The present paper reviews the clinical pathological characteristics of head and neck NMC (HNNMC) and presents the current state of the art on diagnosis, prognosis, and treatment of this rare but lethal disease.

Clinical presentation and outcome: a rare and devastating disease

Approximately 39% of NMCs arise from the head and neck region, while the sinonasal area is the most common tumor site, followed by the nasopharynx, oropharynx, hypopharynx, larynx, and unknown primary site.9 The true incidence of HNNMC remains unknown, but increased awareness of the disease and the availability of new easily applicable diagnostic tests could explain both the apparent increase in the frequency of diagnosis, particularly since 2012, and the greater number of adult cases.3,10 In the largest HNNMC cohort reported in the literature to date, the median age at diagnosis was 21.9 years, with the majority of tumors occurring in females.10 The presumed rarity of HNNMC, coupled with its occurrence in young age with minimal smoking history and lack of pathognomonic histopathological features, suggests that the disease remains underrecognized. Only a minority of cases are diagnosed with NMC at the beginning, while the most common incorrect original diagnoses are “poorly differentiated carcinoma” or “poorly differentiated squamous carcinoma”.10 Due to the small number of patients, no epidemiological studies of etiologic factors have been conducted. Nevertheless, there is no evidence that smoking or other environmental factors are associated with HNNMC. In particular, no cases diagnosed to date have been associated with Epstein–Barr virus or human papilloma virus (HPV) infection.

HNNMC runs a devastating clinical course. It usually presents with rapidly enlarging masses, characterized at advanced stages by early metastatic spread to either locoregional lymph nodes or less common distant sites.3 Consequently, most patients present with mass-related symptoms (such as rhinorrhea, epistaxis, nasal obstruction, proptosis, diminished vision, dysphagia, or pain), while aspecific symptoms, such as fever and weight loss, have been seen only occasionally.11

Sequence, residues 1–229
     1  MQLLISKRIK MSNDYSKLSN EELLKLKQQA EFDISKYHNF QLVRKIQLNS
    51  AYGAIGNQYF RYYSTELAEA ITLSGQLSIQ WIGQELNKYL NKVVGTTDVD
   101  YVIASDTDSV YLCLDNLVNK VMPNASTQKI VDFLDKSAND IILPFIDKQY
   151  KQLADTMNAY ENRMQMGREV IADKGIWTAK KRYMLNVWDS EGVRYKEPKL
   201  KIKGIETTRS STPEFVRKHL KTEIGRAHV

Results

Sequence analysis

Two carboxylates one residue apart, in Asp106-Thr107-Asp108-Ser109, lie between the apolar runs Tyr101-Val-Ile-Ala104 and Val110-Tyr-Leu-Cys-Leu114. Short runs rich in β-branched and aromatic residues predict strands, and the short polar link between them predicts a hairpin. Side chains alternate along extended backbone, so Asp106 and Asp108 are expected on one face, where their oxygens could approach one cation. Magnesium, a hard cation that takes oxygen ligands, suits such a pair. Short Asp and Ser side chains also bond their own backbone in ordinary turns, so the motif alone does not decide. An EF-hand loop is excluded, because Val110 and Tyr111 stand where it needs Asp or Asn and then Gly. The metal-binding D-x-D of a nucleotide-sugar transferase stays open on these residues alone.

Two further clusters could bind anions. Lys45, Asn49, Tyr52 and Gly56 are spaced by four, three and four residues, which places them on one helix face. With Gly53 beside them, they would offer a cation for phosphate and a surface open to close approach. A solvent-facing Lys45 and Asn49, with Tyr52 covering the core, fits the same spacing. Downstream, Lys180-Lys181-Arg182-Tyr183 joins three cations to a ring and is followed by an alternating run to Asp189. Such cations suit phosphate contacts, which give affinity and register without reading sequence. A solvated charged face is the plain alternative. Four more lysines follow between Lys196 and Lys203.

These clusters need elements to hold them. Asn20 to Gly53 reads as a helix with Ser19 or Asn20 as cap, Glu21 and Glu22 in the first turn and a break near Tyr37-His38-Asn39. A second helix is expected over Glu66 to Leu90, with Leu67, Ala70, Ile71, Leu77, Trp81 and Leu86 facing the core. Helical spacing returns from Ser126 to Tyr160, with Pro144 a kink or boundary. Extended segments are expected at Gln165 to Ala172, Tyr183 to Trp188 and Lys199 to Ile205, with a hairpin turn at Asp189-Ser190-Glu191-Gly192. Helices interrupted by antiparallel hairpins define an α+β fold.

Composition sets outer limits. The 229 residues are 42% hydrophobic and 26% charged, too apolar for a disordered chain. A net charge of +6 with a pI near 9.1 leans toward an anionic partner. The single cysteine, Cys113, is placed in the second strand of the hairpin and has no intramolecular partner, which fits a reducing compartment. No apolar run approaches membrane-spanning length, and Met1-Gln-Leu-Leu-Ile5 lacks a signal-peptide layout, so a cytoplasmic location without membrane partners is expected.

Genetic background: a molecularly defined cancer

The genetic hallmark of NMC is the chromosomal rearrangement of the NUT gene (also known as NUTM1 or Chr15orf55), first described in 2003 by French et al (Figure 1).12 In two-thirds of NMCs, a reciprocal chromosomal translocation involves the NUT gene on chromosome 15q14 and BRD4 on chromosome 19p13.1 (Figure 1). The BRD4 protein, encoded by the BRD4 gene, is the most extensively studied member of the BET protein family, first identified by Jiang et al in 1988.13,14 The classical translocation t(15;19)(q14;p13.1) fuses exon 3 of the NUT gene to exon 11 of the BRD4 gene. This results in an in-frame fusion gene of 6.4 kb that encodes a BRD4–NUT oncoprotein involved in carcinogenesis and driven by the BRD4 promoter.12,35,5,618 Although three isoforms of the BRD4 protein have been described (called A, B, and C), only isoform C, ubiquitously expressed, is involved in the BRD4–NUT fusion protein.19 The BRD4NUT fusion gene contains the whole coding region for NUT, which is entirely included in the fusion process, while BRD4 loses its C-terminal domain, including all of its functional domains (Figure 2).

Figure 1 Schematic representation of native component genes and domain structures of BET proteins (BRD3, BRD4), NSD3, and NUT.Note: Black bars on chromosomes indicate location of translocation-associated break points.Abbreviations: AD, acidic domain; NES, nuclear export signal; NLS, nuclear localization sequence; ET, extraterminal; CTD, C-terminal domain; PWWP, proline–tryptophan–tryptophan–proline; PHD, plant homeodomain.